Most internet providers have revised their customer data plans to a threshold or cap and have make the 'unlimited' option very expensive (You Get what you Pay For). Many people have been caught out and have had their service reduced to dial-up speed for the last week or so of their payment cycle. Worse some people have had to pay huge penalties for excess use. If you want more then you will have to pay for it. Otherwise you will have to learn to adapt to and live within the threshold you can afford. Comcast, for example, limits its customers to 250 gigabytes a month. The monthly limits are much smaller for wireless data providers and smartphone companies. Verizon, for instance, offers plans with caps of 2, 5 or 10 gigabytes a month.
So what are some of the best tips and tricks for controlling your internet usage
Parents need to monitor family use rates carefully or have separate accounts for children. There is software available for checking usage rates for various users. You need software that continuously displays use versus monthly allowances.
All of the provider have websites that allow you to monitor your consumption. Better still are the various add-ons that are available for the various browsers. The best ones display a bar-gragh in your tool-bar that displays your usage.
This only measures how much your computer is consuming, not the home network system, but it is still very useful.
Skype is renowned for chewing up bandwidth even when you are not using it. The Skype system grabs resources from various sources for controlling and redirecting its traffic.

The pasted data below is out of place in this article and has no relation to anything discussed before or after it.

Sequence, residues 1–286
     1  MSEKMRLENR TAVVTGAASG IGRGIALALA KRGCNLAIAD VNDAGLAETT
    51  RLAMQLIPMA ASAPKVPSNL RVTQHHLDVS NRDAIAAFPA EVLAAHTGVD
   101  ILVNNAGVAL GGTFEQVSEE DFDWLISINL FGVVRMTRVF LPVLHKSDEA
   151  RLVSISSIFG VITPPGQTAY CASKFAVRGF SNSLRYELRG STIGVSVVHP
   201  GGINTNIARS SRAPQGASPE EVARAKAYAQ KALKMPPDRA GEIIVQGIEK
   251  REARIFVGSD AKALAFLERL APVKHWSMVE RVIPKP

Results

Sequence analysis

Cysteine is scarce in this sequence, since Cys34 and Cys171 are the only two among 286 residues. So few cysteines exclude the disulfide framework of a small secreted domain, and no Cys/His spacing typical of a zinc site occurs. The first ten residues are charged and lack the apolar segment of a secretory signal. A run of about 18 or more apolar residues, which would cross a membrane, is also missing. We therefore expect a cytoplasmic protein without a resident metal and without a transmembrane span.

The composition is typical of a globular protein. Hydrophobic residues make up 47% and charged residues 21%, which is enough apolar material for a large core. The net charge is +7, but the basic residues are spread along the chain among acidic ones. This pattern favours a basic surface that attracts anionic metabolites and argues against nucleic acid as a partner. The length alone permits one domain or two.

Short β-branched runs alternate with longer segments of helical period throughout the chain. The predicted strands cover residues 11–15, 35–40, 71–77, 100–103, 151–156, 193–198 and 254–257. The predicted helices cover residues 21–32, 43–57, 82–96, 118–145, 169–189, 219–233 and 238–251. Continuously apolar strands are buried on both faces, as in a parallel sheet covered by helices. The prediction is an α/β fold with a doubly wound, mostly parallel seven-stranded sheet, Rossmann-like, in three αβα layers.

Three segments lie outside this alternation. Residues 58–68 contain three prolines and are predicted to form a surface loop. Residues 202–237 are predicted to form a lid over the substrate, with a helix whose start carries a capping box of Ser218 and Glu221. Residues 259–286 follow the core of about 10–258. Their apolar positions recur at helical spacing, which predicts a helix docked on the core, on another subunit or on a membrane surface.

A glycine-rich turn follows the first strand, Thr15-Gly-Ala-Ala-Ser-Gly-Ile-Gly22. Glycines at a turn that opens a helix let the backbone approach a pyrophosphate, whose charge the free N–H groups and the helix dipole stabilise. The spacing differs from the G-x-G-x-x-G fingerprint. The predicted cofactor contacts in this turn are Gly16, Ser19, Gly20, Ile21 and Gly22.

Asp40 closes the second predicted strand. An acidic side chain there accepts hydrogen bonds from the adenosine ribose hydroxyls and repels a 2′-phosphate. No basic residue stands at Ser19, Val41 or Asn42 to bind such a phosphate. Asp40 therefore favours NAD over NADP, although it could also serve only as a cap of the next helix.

Video files are by far the largest slabs of data downloaded to the average person. Get your kids to share videos or limit them by always ensuring the bar-graph on your monitor stays below the gigabyte limit for the number of days you have progressed through your payment cycle. Just a single hour of a HD movie might be as large as 2 or 3 gigabytes.
Various providers allow users to select various options before starting a download such as 'best', 'better' or 'good' quality. A 'good' quality download my be more than adequate for display on a small computer screen and may be only one-seventh the size of the 'best' quality. Hulu and YouTube also allow users choose the resolution for some videos.
Many Web sites have video advertisements that start streaming and playing straight away chewing up your bandwidth, without you initiating the upload. A number of browser tools can temporarily block Flash content, and other videos embedded into Web pages. For example Firefox has the tool - Flashblock.
Some security systems stream constant images of your house so that you can check for intrusions or signs of a break-in. You need to control a set limits for these images.
Automatic backup services are great because they upload your data to a remote server. However you need to thing very carefully about what and how often you need these backups. Likewise you may not need to repeatedly back up all the draft version of the final document, especially if it contains High quality images.
Do some research on what this will cost you in terms of your gigabyte allowance. Streaming music services also consume a lot of bandwidth.
Full-size images from digital cameras can be very large. Consider using compression versions and only send the high quality ones if your recipient really wants them.
Many operating systems and software packages offer automated updates, which are nice features but can involve huge downloads. You may want to consider turning off the automation, so that you can decide when and how frequently you need to download the updates.
Some people will send yo videos and high quality photos that you may not really want or need. Some people will send you the whole folder rather than take tine to select the individual files that are relevant.
There are various software tools that allow you to see the subject line before the full email is downloaded (Gmail does this). You can use this to sect what you really want to load onto your computer to read the entire message.
When you have lots of colors in your images you should use JPG as the image type, and adjust the quality to change the file size. Otherwise use PNG (or GIF), which have smaller file sizes than using BMP.